Doug Tunnell returned to his native Oregon to grow wine after a journalism career with CBS News. Since his early plantings in 1990, Doug has been a quiet force in the advancement of organic and sustainable viticulture in the Northwest. Now also Demeter-certified biodynamic, Tunnell’s Brick House Vineyard is one of the world’s premier examples of truly sustainable viticulture.
Over the past 25 years, what have been the key reasons why biodynamic winegrowing/making has become such an important practice, especially in Oregon?
Oregon’s winegrowers are a naturally restless bunch. They are part of a still youthful industry of strong wills, open minds, and a determination to improve, even if—perhaps especially if—improvement calls for challenging convention. Add to this the gift of a gentle, forgiving climate and relatively pristine soils, and you have fertile ground for natural, organic winegrowing.
But for some, organic alone still doesn’t quite “scratch the itch” to always improve. For the restless organic winegrower, biodynamic agriculture offers some suggestions that move an organic program into a more pro-active mode.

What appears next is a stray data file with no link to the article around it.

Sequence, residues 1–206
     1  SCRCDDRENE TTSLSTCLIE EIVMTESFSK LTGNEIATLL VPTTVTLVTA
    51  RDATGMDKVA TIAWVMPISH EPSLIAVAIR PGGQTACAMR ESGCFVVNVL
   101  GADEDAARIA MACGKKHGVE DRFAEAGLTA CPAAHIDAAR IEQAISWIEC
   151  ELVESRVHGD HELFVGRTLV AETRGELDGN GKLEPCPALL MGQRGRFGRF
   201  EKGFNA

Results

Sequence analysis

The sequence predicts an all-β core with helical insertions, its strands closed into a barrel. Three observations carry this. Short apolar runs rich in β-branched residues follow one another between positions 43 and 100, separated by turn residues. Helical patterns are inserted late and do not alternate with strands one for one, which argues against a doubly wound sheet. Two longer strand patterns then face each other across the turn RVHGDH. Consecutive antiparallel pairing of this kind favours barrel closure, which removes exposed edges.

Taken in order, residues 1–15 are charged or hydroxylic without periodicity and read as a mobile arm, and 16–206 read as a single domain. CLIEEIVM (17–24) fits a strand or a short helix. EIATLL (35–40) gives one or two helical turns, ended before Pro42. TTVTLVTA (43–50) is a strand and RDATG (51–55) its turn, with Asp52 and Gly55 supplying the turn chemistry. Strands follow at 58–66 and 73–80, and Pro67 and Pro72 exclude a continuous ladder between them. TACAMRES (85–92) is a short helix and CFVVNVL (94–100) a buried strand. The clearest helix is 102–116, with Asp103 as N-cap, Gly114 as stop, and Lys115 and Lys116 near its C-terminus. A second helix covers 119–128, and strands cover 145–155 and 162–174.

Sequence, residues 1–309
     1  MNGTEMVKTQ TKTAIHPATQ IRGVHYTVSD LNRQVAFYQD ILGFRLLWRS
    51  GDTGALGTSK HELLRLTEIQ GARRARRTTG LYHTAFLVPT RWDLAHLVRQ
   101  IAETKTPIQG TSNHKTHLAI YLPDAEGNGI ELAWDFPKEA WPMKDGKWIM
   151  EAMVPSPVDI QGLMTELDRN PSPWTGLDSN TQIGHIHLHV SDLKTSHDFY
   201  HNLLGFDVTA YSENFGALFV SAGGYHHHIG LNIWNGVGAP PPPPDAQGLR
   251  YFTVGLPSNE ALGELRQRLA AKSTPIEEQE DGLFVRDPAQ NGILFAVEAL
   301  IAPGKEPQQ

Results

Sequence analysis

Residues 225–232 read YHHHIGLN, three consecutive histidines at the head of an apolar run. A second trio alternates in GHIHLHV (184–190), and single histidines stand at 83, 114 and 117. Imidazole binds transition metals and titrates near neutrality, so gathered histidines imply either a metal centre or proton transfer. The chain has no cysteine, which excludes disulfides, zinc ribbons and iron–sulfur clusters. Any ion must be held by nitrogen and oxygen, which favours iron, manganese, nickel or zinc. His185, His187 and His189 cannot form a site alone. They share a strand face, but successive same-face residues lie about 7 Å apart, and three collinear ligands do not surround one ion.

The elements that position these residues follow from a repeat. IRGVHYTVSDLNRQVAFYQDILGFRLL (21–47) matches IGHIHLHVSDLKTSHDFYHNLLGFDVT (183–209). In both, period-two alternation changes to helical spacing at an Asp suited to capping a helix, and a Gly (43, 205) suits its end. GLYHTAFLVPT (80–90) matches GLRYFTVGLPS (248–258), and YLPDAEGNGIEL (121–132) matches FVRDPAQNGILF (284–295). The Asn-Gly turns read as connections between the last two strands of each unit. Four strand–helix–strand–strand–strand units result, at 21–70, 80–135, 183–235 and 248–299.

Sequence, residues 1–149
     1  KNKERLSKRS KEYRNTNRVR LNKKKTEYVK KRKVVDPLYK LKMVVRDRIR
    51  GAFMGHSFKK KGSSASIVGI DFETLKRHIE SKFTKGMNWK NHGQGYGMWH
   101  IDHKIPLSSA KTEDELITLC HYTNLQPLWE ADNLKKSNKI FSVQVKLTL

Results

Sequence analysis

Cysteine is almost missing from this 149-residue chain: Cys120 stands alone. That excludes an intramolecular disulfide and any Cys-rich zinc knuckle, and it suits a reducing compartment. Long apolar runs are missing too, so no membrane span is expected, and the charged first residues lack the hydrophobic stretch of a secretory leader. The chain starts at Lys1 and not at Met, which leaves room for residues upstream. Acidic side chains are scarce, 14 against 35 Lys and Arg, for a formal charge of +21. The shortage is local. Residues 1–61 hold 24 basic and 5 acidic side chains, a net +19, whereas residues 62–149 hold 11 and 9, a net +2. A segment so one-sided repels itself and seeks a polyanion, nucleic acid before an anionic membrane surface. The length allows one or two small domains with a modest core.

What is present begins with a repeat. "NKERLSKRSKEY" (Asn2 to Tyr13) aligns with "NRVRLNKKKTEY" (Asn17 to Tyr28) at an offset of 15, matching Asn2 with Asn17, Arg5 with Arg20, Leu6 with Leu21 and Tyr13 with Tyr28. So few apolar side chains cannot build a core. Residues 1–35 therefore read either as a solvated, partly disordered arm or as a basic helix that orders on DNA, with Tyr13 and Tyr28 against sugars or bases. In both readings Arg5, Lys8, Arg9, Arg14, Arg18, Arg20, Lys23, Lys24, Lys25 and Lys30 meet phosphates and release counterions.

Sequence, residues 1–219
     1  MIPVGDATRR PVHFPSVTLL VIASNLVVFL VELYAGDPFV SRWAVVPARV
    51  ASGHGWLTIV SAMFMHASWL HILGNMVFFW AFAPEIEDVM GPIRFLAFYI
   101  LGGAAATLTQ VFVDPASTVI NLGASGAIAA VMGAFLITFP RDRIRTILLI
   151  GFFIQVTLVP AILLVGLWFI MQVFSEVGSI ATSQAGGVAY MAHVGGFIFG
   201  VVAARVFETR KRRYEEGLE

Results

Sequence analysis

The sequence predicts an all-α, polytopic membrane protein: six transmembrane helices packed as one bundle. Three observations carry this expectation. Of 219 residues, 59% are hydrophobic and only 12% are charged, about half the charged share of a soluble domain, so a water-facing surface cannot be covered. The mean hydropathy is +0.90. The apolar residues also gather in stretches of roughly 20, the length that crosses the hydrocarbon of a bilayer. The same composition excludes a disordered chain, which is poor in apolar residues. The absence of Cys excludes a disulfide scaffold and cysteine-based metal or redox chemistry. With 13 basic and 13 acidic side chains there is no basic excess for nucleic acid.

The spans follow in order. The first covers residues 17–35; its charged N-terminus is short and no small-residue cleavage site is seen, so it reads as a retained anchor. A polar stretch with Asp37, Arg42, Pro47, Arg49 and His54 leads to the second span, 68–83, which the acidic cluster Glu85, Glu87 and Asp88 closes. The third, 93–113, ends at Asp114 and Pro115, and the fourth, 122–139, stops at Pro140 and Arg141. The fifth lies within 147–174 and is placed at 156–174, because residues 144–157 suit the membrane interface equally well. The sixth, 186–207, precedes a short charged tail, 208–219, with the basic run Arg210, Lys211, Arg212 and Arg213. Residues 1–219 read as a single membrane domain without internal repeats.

First, it regards a farm as a complex, interdependent living system. Then biodynamics calls on the farmer to set to work enlivening all the life forms of that system that contribute to the farm’s well being. There are many ways into this ancient, sage advice on how to work with Mother Nature instead of against her. It is more than just “chemical free.” Biodynamics has many of us building massive compost piles, spraying herbal teas, and attempting to feed the microbial life of our soils year after year. I think it is an approach that holds special appeal for those of us who make wine. It affords even the most minute, unseen organisms at work in our vineyard ecosystems special importance, just as we do when encouraging the yeasts and bacteria—the life forces in a tank of grape juice—to do the real work of creating our wines.
Looking forward, what will be the critical success factors for broader adoption of these practices in the Northwest?
I’m confident that Northwest winegrowers will continue to move toward more earth-friendly practices. Industry is providing more tools and better alternatives every year. Whether or not this results in more certified organic vineyards, more biodynamic practitioners, or more farmers and winemakers fusing suggestions and ideas from a myriad of sources is really not important as long as we continue to see the wisdom of working with Mother Nature rather than in spite of or against her. We need to avoid falling into the trap of being overly doctrinaire. The challenges may be greater outside of the appellations of western Oregon. But as long as we can show that how we grow our grapes is mirrored in the ever-increasing quality of our wines, future generations will doubtless build on the steps and missteps of the natural winegrowers of today.
Slide photo: Jim Halliday